'via Blog this'

Tuesday, November 15, 2011

Tuesday's Top 10: Children's Books and Family Movies

The holidays are fast approaching, and most of us have children to buy gifts for (whether they're our own or not). I don't know about you, but I've always thought that books make awesome gifts...and they come in all price ranges, so they fit any budget. Also, movies are a great way to give a gift of love or share some family time without breaking the bank.

Here are lists of the Top 10 Children's Books and Top 10 Family Movies:

Top 10 Children's Books

1.       Cabin Fever (Diary of a Wimpy Kid Series #6) (11/15/2011) by Jeff Kinney
2.       The LEGO Ideas Book (9/19/2011) by Dorling Kindersley Publishing Staff
3.       Every Thing On It (9/20/2011) by Shel Silverstein
4.       Tuesdays at the Castle (10/25/2011) by Jessica Day George
5.       NG Kids Ultimate Weird but True: 1,000 Wild & Wacky Facts and Photos (9/13/2011) by National Geographic
6.       Wonderstruck (9/13/2011) by Brian Selznick
7.       The Invention of Hugo Cabret (3/1/2007) by Brian Selznick
8.       Have You Filled a Bucket Today?: A Guide to Daily Happiness for Kids (5/28/2006) by Carol McCloud
9.       Darth Paper Strikes Back: An Origami Yoda Book (B&N Exclusive Edition) (8/23/2011) by Tom Angleberger
10.   The Lost Hero (Heroes of Olympus Series #1) (10/12/2010) by Rick Riordan

Plus one...
11.   Where the Sidewalk Ends: 30th Anniversary Special Edition (1/20/2004) by Shel Silverstein

    Gathered from Barnes and Noble 

Top 10 Family Movies

1.       It's a Wonderful Life (1946)         
2.       Toy Story 3 (2010)           
3.       Spirited Away (2001)     
4.       WALL·E (2008)  
5.       Back to the Future (1985)            
6.       The Kid (1921)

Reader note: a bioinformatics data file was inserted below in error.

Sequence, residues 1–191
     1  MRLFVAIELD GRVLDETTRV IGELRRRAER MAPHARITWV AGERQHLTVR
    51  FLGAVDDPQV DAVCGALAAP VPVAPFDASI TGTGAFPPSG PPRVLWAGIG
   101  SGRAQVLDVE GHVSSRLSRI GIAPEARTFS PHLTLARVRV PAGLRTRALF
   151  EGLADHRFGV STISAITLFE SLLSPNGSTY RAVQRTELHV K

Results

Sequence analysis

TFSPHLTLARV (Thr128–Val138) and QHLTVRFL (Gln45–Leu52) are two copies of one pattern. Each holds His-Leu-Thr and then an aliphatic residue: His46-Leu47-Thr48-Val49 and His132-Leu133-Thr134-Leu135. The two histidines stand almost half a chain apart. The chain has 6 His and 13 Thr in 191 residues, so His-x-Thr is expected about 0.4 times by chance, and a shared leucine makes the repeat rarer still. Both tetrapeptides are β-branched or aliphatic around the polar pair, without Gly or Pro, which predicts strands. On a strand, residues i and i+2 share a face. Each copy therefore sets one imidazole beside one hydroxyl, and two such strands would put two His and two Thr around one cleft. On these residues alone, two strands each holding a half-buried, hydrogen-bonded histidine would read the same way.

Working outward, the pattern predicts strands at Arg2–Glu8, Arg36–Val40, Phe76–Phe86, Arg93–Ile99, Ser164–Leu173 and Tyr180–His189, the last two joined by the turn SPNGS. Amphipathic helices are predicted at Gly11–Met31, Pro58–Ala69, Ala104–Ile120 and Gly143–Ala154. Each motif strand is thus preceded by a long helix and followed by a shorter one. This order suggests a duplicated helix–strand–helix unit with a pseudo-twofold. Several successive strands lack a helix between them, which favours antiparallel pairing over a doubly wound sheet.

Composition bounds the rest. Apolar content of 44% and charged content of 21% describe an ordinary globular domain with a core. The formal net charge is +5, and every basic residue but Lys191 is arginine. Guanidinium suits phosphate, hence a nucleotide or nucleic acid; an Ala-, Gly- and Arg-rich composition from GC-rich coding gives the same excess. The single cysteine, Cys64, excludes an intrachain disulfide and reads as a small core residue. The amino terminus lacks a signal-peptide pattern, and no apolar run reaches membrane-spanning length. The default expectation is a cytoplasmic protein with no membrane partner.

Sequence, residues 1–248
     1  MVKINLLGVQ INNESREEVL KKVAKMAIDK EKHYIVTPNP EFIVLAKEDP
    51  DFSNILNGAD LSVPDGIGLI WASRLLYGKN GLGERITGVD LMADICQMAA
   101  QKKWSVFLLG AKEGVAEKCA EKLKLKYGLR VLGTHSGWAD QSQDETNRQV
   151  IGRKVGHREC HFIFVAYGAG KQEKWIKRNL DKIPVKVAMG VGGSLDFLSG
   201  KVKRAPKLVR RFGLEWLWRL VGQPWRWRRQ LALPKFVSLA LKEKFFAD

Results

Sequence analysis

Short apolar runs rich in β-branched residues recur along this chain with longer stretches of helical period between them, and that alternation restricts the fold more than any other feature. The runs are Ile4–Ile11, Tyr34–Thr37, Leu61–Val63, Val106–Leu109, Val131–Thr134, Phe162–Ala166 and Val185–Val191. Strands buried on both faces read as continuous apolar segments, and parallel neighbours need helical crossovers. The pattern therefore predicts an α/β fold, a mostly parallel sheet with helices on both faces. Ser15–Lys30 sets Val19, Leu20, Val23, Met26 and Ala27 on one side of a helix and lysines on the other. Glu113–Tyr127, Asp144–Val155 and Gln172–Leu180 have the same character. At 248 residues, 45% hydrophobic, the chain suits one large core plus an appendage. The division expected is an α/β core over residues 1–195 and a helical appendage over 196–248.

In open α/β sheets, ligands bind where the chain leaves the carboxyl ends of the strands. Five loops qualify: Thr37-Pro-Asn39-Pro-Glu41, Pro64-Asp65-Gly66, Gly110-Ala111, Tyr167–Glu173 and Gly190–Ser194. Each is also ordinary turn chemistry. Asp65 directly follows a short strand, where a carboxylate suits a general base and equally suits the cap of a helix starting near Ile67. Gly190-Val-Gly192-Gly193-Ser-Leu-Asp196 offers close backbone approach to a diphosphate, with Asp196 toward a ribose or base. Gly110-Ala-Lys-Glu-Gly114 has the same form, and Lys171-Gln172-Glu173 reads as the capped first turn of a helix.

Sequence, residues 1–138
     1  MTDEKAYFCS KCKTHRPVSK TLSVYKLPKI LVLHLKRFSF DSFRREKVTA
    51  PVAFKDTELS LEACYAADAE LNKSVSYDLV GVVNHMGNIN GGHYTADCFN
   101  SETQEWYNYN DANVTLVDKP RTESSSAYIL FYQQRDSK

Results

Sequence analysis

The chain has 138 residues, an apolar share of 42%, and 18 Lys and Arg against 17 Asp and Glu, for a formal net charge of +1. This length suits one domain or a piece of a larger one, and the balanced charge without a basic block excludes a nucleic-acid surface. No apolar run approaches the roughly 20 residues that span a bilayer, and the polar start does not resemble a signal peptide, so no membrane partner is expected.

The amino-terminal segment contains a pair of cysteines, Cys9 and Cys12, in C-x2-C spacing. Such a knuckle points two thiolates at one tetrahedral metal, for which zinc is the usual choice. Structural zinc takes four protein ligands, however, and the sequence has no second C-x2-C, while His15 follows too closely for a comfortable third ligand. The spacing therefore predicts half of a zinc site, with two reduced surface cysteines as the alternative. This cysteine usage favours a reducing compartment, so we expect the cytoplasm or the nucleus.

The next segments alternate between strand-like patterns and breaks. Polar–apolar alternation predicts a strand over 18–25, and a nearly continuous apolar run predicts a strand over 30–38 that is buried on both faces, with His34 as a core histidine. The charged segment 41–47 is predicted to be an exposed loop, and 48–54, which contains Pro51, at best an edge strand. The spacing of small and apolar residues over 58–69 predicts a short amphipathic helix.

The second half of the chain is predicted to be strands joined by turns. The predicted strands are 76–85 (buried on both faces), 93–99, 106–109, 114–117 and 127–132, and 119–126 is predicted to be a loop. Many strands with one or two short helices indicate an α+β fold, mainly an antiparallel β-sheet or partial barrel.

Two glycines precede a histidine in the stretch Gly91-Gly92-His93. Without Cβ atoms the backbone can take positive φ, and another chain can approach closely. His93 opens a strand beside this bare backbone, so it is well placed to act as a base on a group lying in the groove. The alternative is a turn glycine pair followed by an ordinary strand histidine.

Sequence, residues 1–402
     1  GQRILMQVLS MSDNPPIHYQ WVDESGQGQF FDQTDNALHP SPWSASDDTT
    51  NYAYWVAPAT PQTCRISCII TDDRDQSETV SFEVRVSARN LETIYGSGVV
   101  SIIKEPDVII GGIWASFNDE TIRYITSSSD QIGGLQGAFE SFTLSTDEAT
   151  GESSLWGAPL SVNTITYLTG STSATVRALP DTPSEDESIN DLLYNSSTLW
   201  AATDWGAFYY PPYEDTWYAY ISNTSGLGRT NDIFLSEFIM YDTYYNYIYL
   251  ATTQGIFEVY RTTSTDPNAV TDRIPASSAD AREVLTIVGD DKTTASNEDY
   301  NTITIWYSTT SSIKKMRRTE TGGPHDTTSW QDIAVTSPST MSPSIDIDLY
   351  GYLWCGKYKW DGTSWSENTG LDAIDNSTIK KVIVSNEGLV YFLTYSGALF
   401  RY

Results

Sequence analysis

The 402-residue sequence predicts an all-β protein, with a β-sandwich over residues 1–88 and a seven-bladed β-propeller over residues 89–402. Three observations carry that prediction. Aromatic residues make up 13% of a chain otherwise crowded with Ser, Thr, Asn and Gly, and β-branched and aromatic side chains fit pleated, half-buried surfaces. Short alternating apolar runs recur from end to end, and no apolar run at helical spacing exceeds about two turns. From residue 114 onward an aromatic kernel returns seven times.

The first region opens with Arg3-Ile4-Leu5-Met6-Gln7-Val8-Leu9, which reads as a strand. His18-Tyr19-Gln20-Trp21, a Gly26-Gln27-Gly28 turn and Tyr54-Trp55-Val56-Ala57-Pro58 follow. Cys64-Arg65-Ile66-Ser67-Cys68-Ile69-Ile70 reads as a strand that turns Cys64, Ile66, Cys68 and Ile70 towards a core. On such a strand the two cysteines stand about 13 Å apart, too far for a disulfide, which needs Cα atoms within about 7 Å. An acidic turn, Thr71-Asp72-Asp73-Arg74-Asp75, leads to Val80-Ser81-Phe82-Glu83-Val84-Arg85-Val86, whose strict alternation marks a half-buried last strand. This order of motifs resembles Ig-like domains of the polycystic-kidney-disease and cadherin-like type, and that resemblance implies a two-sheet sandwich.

7.       Up (2009)           
8.       The Gold Rush (1925)    
9.       The Lion King (1994)       
10.   The Wizard of Oz (1939)

Plus one...                
11.   Toy Story (1995)

Gathered from (Genre: Family)

Are your favorites on either of these lists? If not, what are your favorite children's books and family movies? 

-Lisa Bakewell

Monday, November 14, 2011

Mull it over Monday

Celebrities are known for giving their children unusual names, and, let's be honest, some of them are very strange. Recently, a British survey found that at least 8 percent of parents regret their own children's name choices. Let me ask...Do you wish you had chosen a different name for your baby? If so, why?

Friday, November 11, 2011

New Guidelines Suggest Cholesterol Checks for Kids Ages 9 to 11

New guidelines written by a panel sponsored by the U.S. National Heart, Lung, and Blood Institute, and endorsed by the American Academy of Pediatrics (AAP), sayAll U.S. children between the ages of 9 and 11 should be screened for high cholesterol.  According to an article written by HealthDay:
The recommendations are a major shift from current guidelines that suggest such testing be done only for children who have a family history of  heart disease or high blood cholesterol, which is one of the major risk factors for heart disease.
Meant to improve children's heart health and reduce their future risk of cardiovascular disease, the new guidelines also recommend that children and young adults have their cholesterol levels checked again between the ages of 17 and 21.